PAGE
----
be tasked somewhere in neighboring Dorset and then, if a task concurrently arises in Devon, the Almondsbury (Bristol) aircraft could be deployed to come down for the Devon task. So, there’s a coordinated system of allocation and prioritization, which is decided upon by our operations centre at Wakefield at the request of the respective Force Incident Managers," explained Chambers.
For the Germany Federal Police Air Support Group, police missions always have priority. “Since there is no mixing of PHS police and medical flight operations, a corresponding priority decision is not necessary,” advised a spokesperson.
When asked if there a balance in the design of the aircraft to achieve all aims equally, SAPS’ Mahlangu replied: “In the case of SAR we prioritize the saving of lives and have no specific airframe optimization other than as directed by mission requirements, such as hoisting systems.”
Quality versus affordability
When acquiring aircraft and equipment, are there any trade-offs to be made between quality and affordability when it comes to publicly-funded purchasing? LAPD’s Parker was adamant in his response: “We do not trade-off between quality and affordability.” He asserted: “Our fleet consists of 16 Airbus A-Stars (B2 and B3s) and one Bell 412 medium lift. The A-Stars are the best platform that supports our flight profile; they’re agile and their performance parameters at sea-level over a congested city meet our standards.” He continued: “We purchase aircraft with the available safety features the market provides. This is augmented with mandatory check-rides every 90 days.”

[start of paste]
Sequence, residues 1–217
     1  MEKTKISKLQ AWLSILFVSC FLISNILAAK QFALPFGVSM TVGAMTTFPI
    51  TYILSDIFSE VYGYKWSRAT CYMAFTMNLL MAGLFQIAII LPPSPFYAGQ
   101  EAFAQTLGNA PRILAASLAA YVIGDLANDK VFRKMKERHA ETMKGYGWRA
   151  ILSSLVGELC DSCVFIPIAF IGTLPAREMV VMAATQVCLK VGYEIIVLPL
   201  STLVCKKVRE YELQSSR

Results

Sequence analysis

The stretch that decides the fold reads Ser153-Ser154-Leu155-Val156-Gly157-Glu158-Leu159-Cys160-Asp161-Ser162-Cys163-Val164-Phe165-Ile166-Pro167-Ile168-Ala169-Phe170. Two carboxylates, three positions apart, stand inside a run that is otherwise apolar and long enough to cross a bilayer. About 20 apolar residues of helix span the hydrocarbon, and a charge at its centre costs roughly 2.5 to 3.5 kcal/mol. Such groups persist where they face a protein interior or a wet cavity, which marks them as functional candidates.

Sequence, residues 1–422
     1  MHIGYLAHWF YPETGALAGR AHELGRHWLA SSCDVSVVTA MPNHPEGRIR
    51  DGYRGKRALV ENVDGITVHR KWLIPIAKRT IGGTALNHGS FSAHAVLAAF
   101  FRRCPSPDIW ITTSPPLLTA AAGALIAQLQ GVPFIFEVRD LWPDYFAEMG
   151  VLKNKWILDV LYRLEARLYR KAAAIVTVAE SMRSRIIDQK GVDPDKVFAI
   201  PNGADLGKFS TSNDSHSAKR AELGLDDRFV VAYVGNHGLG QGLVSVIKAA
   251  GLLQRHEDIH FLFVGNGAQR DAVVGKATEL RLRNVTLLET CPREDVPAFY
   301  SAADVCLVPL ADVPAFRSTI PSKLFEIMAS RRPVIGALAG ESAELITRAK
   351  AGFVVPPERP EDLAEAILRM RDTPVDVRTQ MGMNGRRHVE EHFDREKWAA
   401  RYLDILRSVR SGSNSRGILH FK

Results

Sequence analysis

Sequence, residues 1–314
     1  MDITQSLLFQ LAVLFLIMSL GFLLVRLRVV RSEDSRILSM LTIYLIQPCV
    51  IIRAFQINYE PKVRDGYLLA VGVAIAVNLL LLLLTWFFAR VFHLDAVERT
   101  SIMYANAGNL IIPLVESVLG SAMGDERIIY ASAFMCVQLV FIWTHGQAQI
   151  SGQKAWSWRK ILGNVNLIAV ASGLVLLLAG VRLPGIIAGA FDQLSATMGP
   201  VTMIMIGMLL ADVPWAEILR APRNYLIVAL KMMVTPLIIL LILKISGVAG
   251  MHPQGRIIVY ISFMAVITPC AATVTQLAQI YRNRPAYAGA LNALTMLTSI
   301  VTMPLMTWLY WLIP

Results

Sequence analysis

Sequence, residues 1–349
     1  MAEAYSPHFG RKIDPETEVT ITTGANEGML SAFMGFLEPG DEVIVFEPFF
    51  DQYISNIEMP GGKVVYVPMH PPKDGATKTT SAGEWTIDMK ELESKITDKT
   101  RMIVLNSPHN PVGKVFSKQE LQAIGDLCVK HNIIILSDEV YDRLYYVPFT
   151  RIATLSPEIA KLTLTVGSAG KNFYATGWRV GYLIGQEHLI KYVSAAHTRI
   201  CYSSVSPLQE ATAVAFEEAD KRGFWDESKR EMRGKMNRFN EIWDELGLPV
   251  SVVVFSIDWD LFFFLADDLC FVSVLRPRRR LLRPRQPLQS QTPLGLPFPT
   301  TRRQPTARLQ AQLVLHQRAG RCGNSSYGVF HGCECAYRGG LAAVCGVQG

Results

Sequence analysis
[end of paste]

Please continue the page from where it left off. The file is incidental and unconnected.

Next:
Watts spelled out how NPAS sees this situation: “Any future police aircraft will be designed to a minimum specification and once this minimum standard is met, cost is likely to be the biggest factor in choice of aircraft/systems." He continued: “Funding will always be a major factor and will ultimately limit the number of aircraft that are operated, however, these aircraft must be capable of carrying out the full range of police missions and offer the benefits of the latest technology.”
We do not trade-off between quality and affordability
For the German Federal Police, the Ministry of the Interior implements all procurement measures in accordance with the requirements of the Federal Budget Code (BHO). “Article 7 of the Federal Budget Code requires frugal and economical budget management,” said a Ministry spokesperson. “For all financial measures, appropriate economic efficiency studies must be carried out, as well as cost and performance accounting in appropriate areas. With regard to economic efficiency, the following applies: the decisive factor is not the lowest bid price, but the most economical bid overall when it comes to price and performance,” they explained.
For South Africa’s police aviation, needs assessments are annually submitted for budgeting purposes and ‘normal procurement processes are followed,’ said Mahlangu.
A balancing act
The decisive factor is not the lowest bid price, but the most economical bid overall
For police aviation worldwide, balancing mission demands with organizational safety culture, budget constraints, equipment, crew capabilities, and operating environment can be a challenge, as the LAPD’s Parker explains: “We practice a strict safety culture, which includes a Safety Management System (SMS), a dedicated Safety Officer, monthly safety meetings, Flight Risk Assessment Tools (FRATs), squawks, weekly meetings with our mechanics, two instructor pilots embedded with our maintenance team, full-autos to the ground during 90-day check rides, and yearly sim training for all pilots.”